14 January 1994 – 5 February 1994
White Cube Duke Street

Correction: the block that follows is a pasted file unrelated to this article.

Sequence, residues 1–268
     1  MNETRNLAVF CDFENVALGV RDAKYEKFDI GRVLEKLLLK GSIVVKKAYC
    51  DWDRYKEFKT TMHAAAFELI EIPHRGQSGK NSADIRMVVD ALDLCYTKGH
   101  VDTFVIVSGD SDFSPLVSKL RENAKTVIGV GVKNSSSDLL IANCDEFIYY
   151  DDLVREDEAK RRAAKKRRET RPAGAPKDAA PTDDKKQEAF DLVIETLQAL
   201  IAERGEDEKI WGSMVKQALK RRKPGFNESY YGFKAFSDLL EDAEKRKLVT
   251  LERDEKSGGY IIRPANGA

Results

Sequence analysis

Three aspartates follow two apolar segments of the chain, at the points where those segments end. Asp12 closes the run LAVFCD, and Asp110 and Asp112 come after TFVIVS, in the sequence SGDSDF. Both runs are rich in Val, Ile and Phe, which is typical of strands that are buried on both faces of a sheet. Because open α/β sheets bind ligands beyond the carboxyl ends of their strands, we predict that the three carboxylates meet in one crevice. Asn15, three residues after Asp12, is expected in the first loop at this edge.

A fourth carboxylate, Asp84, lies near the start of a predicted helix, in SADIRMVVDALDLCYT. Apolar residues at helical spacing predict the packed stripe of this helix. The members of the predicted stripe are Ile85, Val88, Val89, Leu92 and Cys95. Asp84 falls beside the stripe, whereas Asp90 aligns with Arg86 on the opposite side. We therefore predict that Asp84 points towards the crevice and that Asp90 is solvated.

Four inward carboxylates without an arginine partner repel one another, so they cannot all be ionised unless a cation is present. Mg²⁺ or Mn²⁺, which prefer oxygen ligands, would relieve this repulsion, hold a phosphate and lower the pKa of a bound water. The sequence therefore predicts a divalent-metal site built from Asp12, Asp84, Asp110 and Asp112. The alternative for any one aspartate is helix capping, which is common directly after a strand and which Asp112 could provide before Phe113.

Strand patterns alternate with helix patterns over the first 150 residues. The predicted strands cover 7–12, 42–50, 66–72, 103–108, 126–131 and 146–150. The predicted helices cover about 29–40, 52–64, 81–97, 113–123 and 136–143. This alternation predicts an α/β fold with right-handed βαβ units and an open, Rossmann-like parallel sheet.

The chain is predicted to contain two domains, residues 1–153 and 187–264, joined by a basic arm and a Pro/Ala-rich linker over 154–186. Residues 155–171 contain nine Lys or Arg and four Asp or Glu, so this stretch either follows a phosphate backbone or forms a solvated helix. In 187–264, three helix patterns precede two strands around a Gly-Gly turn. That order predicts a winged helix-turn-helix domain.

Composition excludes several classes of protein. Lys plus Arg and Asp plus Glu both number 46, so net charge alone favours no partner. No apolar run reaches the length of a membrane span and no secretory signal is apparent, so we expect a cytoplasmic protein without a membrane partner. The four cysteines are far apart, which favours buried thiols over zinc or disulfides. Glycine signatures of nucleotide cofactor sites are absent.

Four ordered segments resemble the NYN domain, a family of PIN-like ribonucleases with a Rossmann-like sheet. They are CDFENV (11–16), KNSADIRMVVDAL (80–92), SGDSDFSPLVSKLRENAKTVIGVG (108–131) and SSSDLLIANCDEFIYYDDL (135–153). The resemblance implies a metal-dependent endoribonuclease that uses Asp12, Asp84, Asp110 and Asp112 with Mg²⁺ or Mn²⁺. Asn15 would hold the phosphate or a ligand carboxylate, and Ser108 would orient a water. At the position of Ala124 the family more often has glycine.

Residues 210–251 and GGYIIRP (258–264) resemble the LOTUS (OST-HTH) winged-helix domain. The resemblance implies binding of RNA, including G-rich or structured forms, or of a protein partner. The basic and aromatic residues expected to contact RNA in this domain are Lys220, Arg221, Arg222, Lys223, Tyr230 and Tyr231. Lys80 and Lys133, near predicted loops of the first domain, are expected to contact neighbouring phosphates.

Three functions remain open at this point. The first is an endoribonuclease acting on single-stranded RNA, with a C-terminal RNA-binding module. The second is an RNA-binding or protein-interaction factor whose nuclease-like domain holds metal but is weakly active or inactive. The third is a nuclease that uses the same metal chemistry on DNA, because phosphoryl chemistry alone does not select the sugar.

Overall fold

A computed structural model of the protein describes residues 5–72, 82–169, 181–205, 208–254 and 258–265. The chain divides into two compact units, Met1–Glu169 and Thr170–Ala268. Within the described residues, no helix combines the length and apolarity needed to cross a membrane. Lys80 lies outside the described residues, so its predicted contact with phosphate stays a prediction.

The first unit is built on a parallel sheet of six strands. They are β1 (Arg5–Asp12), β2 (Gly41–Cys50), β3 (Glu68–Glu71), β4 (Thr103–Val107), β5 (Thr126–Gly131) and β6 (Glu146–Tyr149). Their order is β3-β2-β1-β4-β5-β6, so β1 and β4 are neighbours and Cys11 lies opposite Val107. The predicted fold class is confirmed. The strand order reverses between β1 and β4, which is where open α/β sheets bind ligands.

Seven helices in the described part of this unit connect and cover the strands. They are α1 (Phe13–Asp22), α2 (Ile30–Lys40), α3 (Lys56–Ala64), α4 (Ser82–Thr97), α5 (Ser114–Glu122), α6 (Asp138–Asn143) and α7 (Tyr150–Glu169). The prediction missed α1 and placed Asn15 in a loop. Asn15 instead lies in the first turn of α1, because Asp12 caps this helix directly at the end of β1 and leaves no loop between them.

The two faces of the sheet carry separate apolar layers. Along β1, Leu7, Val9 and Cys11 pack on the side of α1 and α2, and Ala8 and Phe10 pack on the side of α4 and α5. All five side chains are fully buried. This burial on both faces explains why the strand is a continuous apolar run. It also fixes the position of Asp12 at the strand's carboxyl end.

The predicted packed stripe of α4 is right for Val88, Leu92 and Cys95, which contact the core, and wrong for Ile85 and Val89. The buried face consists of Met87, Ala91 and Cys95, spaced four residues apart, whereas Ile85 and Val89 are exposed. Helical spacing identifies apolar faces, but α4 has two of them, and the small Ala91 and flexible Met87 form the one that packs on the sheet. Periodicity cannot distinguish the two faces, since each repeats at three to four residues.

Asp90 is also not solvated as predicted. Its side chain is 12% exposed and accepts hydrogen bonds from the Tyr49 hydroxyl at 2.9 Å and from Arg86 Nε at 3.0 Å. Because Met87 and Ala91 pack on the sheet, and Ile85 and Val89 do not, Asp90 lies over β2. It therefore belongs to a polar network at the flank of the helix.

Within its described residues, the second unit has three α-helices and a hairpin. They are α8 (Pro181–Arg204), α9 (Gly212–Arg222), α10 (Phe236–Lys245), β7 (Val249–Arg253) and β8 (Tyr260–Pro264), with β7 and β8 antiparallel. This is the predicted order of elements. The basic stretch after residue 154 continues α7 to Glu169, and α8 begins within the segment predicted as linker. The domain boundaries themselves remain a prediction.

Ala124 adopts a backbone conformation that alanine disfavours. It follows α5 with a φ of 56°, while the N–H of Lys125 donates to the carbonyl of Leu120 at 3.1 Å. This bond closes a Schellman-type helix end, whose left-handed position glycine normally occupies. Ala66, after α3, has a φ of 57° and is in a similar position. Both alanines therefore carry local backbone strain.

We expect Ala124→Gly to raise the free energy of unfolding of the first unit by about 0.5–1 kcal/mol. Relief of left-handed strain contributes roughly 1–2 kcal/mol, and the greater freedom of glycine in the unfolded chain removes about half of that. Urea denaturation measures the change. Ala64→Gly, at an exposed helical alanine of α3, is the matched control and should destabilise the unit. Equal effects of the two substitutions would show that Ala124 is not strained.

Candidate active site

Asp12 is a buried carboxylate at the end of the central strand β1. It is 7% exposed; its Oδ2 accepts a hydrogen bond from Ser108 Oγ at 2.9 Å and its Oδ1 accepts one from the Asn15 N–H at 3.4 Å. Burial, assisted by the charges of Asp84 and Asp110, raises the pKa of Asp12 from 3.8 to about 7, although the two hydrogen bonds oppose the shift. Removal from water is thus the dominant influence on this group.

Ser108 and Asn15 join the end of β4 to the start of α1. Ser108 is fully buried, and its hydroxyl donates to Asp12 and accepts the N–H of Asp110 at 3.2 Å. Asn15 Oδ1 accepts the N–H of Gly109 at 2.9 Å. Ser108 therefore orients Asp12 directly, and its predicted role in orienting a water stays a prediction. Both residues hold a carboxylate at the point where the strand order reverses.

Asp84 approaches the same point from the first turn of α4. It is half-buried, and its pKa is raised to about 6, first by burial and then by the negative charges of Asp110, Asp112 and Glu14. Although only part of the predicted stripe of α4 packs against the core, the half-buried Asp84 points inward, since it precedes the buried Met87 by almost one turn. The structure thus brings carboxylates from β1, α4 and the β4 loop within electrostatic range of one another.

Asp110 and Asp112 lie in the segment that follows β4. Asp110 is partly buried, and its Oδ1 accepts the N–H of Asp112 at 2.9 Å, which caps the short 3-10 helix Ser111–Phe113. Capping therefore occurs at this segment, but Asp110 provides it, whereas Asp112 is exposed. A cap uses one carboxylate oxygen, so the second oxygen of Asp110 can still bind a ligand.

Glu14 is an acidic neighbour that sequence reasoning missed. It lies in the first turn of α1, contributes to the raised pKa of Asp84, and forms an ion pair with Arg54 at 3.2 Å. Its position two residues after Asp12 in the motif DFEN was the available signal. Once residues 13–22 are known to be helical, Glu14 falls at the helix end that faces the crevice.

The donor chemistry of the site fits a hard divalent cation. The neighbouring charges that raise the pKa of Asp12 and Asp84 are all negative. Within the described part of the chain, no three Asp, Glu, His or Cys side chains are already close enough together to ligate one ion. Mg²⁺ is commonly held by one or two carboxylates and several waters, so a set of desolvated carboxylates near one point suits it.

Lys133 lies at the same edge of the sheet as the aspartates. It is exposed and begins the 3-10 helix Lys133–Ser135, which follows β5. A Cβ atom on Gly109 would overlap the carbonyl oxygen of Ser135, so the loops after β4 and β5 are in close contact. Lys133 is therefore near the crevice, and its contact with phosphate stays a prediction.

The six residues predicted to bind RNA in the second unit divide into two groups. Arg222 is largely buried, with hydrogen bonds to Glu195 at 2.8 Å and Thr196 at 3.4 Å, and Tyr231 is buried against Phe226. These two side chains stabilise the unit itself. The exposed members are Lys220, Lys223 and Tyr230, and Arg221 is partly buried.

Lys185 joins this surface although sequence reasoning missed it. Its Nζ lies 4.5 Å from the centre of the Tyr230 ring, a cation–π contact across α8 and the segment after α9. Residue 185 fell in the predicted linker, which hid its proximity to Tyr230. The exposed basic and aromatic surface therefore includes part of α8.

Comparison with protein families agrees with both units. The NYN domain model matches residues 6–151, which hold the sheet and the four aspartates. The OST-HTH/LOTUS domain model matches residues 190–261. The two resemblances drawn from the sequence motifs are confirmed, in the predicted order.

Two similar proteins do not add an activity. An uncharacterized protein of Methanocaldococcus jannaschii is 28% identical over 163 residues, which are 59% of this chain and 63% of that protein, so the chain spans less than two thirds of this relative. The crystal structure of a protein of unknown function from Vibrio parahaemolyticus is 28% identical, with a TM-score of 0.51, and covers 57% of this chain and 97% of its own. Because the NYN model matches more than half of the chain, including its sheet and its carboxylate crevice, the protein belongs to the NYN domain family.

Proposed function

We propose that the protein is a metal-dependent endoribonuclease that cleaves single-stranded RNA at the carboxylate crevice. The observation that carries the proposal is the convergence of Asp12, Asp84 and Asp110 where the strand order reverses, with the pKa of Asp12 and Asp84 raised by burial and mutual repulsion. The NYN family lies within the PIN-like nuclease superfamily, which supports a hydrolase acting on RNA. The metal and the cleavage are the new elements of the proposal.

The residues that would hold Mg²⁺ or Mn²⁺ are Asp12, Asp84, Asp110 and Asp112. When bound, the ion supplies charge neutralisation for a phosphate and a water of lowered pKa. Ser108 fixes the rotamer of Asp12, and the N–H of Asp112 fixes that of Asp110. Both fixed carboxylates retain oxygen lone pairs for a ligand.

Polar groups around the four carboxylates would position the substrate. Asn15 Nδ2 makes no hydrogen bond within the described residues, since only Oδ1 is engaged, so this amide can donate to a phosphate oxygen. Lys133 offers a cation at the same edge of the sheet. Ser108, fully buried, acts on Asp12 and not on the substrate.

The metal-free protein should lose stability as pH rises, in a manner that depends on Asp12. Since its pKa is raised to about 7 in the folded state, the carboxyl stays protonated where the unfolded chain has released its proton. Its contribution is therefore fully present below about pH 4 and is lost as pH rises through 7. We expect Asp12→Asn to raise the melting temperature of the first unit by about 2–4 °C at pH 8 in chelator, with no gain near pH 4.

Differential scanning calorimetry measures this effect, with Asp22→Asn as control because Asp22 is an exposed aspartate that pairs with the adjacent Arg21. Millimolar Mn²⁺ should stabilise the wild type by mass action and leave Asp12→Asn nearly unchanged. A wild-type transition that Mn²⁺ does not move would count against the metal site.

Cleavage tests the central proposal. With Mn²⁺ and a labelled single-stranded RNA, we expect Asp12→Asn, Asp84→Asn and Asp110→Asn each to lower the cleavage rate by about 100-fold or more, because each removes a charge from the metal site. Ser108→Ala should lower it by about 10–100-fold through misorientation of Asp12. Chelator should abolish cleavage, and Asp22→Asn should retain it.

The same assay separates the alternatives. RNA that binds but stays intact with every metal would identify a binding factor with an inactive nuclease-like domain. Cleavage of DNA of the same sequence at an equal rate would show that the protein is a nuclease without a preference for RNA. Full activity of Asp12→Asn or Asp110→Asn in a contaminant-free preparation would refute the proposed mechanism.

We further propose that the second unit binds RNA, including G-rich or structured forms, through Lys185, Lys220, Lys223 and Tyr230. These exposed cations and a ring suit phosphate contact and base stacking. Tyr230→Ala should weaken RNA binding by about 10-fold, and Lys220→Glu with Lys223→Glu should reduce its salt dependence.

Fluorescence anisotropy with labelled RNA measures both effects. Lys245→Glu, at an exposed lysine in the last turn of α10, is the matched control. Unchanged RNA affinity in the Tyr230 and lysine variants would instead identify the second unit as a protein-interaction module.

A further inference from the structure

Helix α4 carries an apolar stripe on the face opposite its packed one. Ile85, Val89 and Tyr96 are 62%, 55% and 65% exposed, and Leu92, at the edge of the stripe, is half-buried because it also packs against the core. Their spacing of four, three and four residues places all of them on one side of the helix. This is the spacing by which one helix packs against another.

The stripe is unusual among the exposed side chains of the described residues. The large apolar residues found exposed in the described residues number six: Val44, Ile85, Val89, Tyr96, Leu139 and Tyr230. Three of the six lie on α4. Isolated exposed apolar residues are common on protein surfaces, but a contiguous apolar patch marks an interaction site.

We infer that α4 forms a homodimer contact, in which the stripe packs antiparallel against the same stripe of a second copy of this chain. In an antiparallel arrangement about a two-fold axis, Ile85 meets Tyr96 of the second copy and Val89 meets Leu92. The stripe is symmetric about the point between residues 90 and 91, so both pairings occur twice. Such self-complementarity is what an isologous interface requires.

Marcus Harvey’s large, brightly-coloured canvases, made active by broad sweeps of impasto paint, literally bear the mark of his hand. The impressions made in the thick surface of the paint scrape through the layers of colour and smear the different hues to create a highly agitated surface. Harvey’s paintings reference Action painting, the post-war movement that placed great importance on the traces of the artist’s physical presence in bringing the work into being. Harvey titled his show ‘Snaps’, a reference to the source on which he based his subject matter: the ‘Readers’ Wives’ section of porn magazines. The extreme cropping of the subject in each image combines with a white border to form a reminder of the Polaroid pictures on which the paintings are based. This choice of format is key: as they do not require any processing, Polaroids are private and disposable. Harvey marks off areas of the painting to reveal drawings of an explicit nature, subsequently adding heavy black lines that are incised into the surface of the paint—the explicit imagery is momentarily camouflaged by a confusion of vivid, abstract colour. Harvey says the function of this template of crisp outlines is to, ‘give oneself boundaries, within which to dive in an orgiastic state.’ There is something unsettlingly childlike about the urgent exuberance with which the paint is applied in these images: the use of hands suggests an immediacy and references the physical pleasure of finger-painting. Harvey subverts the grand statements of Abstract Expressionism, and reveals something more explicitly libidinal. Exploring the commodification of sex in the realms of high art and pornography, he challenges us to differentiate between the two. In the process, the artist collapses the hierarchy between high art and low-life, a trait that recalls the strategies of Pop artists such as Roy Litchenstein and Andy Warhol.